Health for Grande Saline

It was a long day, but a great day. We were up early for a “family” breakfast before boarding our bus to Grande Saline. We saw a very different part of Haiti today. It was a four hour trip each way (about half of that on bumpy, dirt roads). When we finally arrived in Grande Saline, we were greeted by several children who welcomed us and told us how glad they were to see us. It was very sweet because they had obviously practiced so that they could welcome us in English. We got right to work setting up our clinic, pharmacy and classroom. We used a church building and, as you will see, there was a great deal of interest in what we were doing.

“Team Clinic” assisted Dr. Robinson and saw over seventy patients. They helped Dr. Robinson to treat several cases of malaria, worms, scabies, respiratory infections and high blood pressure. Several people also received glasses. The students did a marvelous job with triage for Dr. Robinson. “Team Clinic” is learning so much from Dr. Robinson. He is enthusiastic about helping them to recognize abnormalities in heart and lung sounds and the signs and symptoms of many diseases. “Team Health Education” set up to gather information about community water usage, present about cholera and to demonstrate and distribute the Family LifeStraw filtration units. Dr. Robinson had selected 75 families to receive the systems, which will provide the families with clean, safe water for 2-3 years. Our long term plan is to provide the community with a large filtration system that will serve thousands of people, so an important task today was to gather information about water usage and the best place to put the system. We learned that the people of Grande Saline take their water directly from the river. This community has suffered terribly from cholera and Dr. Robinson told us that the education program was very critical to dispel myths and help the community to protect themselves.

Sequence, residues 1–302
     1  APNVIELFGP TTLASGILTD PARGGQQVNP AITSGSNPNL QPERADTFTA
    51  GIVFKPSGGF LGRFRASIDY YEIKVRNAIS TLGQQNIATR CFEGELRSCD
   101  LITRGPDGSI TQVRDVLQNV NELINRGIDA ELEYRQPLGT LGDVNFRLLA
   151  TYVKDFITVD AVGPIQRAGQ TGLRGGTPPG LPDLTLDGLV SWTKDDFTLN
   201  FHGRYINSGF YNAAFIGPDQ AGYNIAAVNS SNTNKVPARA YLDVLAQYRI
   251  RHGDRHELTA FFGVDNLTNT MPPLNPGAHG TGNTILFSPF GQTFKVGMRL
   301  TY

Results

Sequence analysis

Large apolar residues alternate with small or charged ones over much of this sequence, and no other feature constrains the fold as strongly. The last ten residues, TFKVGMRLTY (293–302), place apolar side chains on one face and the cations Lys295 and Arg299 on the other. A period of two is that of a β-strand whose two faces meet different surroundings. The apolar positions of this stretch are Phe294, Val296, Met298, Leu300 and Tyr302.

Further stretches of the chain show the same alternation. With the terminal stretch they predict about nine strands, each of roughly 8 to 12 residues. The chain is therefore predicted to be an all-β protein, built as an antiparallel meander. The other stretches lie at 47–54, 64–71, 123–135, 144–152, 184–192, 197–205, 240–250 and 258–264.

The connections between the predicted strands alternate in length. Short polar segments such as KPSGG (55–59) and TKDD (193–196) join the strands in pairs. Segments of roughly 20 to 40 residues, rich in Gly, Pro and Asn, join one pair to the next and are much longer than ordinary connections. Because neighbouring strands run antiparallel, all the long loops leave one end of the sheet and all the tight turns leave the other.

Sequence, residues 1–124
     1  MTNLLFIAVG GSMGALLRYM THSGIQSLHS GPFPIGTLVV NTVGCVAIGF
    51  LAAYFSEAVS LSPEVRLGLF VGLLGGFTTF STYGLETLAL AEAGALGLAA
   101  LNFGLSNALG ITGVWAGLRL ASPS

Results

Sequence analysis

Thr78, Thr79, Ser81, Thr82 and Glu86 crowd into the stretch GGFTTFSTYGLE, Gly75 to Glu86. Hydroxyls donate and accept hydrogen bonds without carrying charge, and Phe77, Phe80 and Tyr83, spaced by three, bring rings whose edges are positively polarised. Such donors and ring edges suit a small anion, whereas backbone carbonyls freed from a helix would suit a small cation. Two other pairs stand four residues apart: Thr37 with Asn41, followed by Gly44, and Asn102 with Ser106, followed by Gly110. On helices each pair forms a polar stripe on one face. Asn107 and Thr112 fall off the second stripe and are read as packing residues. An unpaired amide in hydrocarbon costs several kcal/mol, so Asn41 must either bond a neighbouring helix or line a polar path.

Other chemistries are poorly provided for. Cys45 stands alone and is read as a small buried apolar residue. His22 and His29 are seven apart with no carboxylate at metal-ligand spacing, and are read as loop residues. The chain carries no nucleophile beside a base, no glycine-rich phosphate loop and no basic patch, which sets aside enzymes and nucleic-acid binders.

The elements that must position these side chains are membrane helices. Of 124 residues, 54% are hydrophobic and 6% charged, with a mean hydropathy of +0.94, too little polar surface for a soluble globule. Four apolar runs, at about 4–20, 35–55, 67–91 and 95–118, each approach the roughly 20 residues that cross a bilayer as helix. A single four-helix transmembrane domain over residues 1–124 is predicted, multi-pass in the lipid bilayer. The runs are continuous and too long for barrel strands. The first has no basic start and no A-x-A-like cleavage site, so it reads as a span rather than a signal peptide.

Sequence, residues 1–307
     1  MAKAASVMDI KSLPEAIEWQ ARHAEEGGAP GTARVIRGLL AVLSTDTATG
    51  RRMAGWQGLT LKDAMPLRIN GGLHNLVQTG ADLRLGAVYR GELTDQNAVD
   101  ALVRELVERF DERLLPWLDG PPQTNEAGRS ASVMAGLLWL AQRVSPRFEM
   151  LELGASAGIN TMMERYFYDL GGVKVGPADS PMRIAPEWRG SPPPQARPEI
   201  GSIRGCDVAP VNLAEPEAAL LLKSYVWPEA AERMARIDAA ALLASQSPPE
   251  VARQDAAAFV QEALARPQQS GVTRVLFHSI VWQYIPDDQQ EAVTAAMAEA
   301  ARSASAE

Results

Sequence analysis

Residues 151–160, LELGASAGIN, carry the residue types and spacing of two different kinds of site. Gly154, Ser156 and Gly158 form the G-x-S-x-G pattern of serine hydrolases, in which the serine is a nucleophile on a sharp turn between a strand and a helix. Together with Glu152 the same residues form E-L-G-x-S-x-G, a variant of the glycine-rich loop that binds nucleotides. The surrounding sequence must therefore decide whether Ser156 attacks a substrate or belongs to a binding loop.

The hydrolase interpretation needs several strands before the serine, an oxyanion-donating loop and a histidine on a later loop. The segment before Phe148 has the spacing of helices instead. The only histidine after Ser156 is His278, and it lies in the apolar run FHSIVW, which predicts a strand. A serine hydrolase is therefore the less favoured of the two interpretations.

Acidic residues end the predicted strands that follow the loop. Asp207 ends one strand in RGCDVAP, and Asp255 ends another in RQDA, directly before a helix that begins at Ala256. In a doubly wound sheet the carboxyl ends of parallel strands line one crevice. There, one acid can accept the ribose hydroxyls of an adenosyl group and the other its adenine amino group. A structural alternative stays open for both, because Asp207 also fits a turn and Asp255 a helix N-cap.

Once again, every Health for Haiti student did a phenomenal job today. I think everyone here would agree that the eight hours on the bus were well worth it to provide assistance to this remote community. I also want to thank our amazing translators. They are with us every step of the way and tirelessly help us to communicate and travel around Haiti. They do so much for us every day, we could not do this without them! Below are some pictures from our day .

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